Corona Capital is a daily column updated throughout the day by Breakingviews columnists around the world with short, sharp pandemic-related insights.
– Travel companies soar
– Oil market hopes
Travel bugs. Americans are ready to hit the road. That at least is the message from the stock market on Monday. Shares in car-rental firm Avis Budget zoomed ahead more than 20%. Hertz Global, which on Monday also removed boss Kathryn Marinello from the driver’s seat, was up almost as much.
United Airlines and Spirit Airlines soared highest in their industry, with Delta Air Lines and Southwest Airlines following with 13%, and American Airlines and JetBlue Airways in single digits.
Hotel chains rose, too, though slightly less. InterContinental Hotels was up by 9% and Hyatt Hotels by 13%. Perhaps shareholders expect vacationers to stay with family – or sleep in rental cars. But they certainly are seeking fresh air. Shares in casinos like Las Vegas Sands were up just 4% or so – a sign Americans don’t want to swap lockdowns at home for vacations inside. (By Antony Currie)
Time-traveling oil. Four weeks is a long time in the market for black gold. On Monday the price for West Texas Intermediate futures were changing hands for almost $32 a barrel for the forward-month contract, which expires on Tuesday. That’s despite the U.S. Commodity Futures Trading Commission warning last week that prices could still go negative, just as they did for the previous forward-month contract in mid-April.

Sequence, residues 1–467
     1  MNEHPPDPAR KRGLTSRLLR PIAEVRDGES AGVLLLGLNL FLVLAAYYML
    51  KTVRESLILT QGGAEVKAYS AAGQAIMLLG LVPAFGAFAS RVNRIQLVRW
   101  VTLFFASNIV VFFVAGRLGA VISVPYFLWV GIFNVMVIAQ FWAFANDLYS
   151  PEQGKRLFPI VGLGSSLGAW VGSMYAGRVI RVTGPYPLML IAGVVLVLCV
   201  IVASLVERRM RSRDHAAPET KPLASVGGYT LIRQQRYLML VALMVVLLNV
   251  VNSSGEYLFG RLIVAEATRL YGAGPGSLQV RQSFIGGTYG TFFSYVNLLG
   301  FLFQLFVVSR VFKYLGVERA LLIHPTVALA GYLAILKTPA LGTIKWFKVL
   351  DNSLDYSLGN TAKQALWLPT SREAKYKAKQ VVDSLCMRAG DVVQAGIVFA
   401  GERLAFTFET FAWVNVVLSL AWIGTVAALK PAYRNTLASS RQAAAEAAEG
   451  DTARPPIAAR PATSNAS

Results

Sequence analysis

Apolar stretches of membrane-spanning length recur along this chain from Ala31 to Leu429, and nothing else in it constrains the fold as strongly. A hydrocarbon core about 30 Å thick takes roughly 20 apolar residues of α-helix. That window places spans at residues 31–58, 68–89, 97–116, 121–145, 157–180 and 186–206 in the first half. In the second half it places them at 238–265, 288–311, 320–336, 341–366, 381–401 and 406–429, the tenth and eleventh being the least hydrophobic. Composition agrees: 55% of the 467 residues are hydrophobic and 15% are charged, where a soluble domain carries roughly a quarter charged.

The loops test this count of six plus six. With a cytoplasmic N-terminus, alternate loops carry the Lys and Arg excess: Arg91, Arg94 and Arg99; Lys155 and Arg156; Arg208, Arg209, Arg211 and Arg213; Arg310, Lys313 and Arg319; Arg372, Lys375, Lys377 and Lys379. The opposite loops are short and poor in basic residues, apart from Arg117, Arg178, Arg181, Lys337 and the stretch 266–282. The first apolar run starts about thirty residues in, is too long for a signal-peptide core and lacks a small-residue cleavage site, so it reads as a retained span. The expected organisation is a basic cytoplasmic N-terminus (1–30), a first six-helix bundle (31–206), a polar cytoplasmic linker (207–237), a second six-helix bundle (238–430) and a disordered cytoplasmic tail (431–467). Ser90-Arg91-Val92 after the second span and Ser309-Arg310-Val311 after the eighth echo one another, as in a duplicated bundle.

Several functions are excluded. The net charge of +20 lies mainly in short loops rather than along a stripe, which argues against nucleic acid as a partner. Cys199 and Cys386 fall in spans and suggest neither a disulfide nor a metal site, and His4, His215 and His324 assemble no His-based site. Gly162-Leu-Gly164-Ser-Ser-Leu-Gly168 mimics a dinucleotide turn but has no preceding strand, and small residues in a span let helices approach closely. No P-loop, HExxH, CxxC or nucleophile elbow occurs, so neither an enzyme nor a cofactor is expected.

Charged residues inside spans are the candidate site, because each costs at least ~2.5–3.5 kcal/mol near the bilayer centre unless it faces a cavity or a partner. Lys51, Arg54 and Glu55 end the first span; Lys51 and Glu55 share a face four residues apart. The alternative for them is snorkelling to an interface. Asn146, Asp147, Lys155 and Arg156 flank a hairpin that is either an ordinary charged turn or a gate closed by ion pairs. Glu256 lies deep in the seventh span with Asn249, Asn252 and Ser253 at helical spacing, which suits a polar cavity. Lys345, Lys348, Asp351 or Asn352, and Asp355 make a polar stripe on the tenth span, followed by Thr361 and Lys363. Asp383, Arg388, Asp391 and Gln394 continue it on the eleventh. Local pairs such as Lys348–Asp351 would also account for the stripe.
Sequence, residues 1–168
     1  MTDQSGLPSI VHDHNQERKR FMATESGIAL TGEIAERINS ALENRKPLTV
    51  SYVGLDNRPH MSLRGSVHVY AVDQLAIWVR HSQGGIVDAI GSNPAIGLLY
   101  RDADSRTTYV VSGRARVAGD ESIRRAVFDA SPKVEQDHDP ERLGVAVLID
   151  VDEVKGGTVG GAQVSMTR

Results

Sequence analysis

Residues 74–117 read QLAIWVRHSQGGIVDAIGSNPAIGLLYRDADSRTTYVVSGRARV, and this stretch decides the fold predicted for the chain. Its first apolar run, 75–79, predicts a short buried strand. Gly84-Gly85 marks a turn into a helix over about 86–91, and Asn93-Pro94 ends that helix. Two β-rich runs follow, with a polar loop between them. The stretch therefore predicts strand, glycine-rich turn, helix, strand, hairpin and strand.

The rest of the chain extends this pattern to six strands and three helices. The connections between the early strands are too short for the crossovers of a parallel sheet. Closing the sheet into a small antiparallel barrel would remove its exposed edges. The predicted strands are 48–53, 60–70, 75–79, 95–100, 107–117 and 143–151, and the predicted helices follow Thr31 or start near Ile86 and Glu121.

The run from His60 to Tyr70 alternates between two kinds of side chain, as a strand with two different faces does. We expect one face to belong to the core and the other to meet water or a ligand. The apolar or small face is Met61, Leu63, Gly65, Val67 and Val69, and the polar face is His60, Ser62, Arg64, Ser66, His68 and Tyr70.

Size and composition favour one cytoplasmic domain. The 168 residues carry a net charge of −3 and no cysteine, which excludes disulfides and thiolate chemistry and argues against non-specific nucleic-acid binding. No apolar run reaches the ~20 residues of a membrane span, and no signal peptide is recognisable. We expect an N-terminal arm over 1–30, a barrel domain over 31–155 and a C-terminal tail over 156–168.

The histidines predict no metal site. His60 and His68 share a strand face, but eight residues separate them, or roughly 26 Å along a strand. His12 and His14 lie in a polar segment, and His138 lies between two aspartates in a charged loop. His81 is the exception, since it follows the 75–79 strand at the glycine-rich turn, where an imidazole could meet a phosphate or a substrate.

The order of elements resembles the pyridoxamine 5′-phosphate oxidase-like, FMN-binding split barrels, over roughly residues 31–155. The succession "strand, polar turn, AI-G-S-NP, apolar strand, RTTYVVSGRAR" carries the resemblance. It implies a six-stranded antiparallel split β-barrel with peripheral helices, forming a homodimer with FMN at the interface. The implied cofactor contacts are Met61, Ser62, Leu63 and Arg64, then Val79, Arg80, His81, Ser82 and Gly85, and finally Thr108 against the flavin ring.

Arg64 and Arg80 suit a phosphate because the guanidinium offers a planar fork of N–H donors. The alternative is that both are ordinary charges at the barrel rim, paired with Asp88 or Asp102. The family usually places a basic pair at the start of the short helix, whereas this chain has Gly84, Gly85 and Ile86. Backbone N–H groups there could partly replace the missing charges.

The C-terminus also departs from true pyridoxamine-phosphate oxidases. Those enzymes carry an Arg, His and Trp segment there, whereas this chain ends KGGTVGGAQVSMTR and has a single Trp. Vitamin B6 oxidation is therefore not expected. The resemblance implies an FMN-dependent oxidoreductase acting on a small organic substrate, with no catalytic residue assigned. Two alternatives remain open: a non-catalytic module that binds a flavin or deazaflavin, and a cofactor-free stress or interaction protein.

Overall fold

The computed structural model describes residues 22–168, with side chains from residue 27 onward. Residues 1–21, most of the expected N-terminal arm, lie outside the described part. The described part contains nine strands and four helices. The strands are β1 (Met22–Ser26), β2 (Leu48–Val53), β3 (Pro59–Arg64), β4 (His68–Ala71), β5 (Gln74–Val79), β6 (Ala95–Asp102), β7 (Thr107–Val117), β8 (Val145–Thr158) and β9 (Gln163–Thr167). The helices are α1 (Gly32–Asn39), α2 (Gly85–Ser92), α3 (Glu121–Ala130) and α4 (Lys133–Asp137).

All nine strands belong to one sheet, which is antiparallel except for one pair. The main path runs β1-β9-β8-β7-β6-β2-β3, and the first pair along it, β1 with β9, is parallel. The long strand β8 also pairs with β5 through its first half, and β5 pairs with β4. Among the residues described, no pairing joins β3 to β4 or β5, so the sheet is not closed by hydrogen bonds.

Oil watchers were hopeful about global supply cuts kicking in, Reuters reported Monday, though U.S. fields are causing the biggest problems. And yet, there’s a bright side: The number of U.S. rigs in operation plunged to 339, 190 fewer than at the start of the year, according to Evercore ISI.
With some large American cities slowly opening, and industrial giants like Ford Motor firing up plants, demand hopes are revving up too. These could still be dashed. But with oil prices now at levels not seen since early March, traders are starting to look like they’re throwing caution to the wind. (By Lauren Silva Laughlin)
Checkered flags in vaccine race. Moderna’s vaccine for Covid-19 hasn’t even completed one lap, but Wall Street assumes it’s heading for victory. The U.S. biotech company said on Monday that interim results from an early trial were promising. That tacked nearly $7 billion onto its now-$31 billion market capitalization. With late-stage clinical trials scheduled to begin in July, there could be a vaccine by fall.
Or that’s the theory. Moderna said the initial eight patients tested produced the same or greater concentrations of antibodies that can neutralize the virus as “generally seen” in recovered patients. But it’s unclear if antibodies are key to eliminating the virus. Some recovered people have very low levels. Moreover, even though the trial was small, several volunteers had severe temporary adverse effects. It’s far too early to assume this will pass the finish line, much less take the prize. (By Robert Cyran)
Easy targets. UK grocer executives and their investors could be victims of their own success. That’s if the UK government introduces a windfall tax to raise much needed cash from businesses which have thrived during the coronavirus lockdown. Punters are keen. A recent YouGov survey found that 53% of people would support a so-called “excess profit tax.”